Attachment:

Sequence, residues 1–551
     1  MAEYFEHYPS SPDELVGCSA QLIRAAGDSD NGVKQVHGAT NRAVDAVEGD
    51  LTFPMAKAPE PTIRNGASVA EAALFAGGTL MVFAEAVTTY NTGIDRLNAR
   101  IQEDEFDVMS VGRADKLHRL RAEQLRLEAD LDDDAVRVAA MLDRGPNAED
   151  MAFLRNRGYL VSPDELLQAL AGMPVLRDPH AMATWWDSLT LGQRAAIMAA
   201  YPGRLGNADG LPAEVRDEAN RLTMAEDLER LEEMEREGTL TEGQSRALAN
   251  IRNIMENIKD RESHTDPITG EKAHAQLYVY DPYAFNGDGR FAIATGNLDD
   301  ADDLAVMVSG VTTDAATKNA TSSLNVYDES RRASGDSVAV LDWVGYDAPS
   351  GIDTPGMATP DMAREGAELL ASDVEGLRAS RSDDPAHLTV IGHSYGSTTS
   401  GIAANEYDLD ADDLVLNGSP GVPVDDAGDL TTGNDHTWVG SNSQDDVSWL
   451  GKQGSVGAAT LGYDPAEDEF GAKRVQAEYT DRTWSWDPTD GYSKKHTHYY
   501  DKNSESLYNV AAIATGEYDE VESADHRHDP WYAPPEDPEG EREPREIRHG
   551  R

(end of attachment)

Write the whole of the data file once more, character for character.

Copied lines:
Sequence, residues 1–551
     1  MAEYFEHYPS SPDELVGCSA QLIRAAGDSD NGVKQVHGAT NRAVDAVEGD
    51  LTFPMAKAPE PTIRNGASVA EAALFAGGTL MVFAEAVTTY NTGIDRLNAR
   101  IQEDEFDVMS VGRADKLHRL RAEQLRLEAD LDDDAVRVAA MLDRGPNAED
   151  MAFLRNRGYL VSPDELLQAL AGMPVLRDPH AMATWWDSLT LGQRAAIMAA
   201  YPGRLGNADG LPAEVRDEAN RLTMAEDLER LEEMEREGTL TEGQSRALAN
   251  IRNIMENIKD RESHTDPITG EKAHAQLYVY DPYAFNGDGR FAIATGNLDD
   301  ADDLAVMVSG VTTDAATKNA TSSLNVYDES RRASGDSVAV LDWVGYDAPS
   351  GIDTPGMATP DMAREGAELL ASDVEGLRAS RSDDPAHLTV IGHSYGSTTS
   401  GIAANEYDLD ADDLVLNGSP GVPVDDAGDL TTGNDHTWVG SNSQDDVSWL
   451  GKQGSVGAAT LGYDPAEDEF GAKRVQAEYT DRTWSWDPTD GYSKKHTHYY
   501  DKNSESLYNV AAIATGEYDE VESADHRHDP WYAPPEDPEG EREPREIRHG
   551  R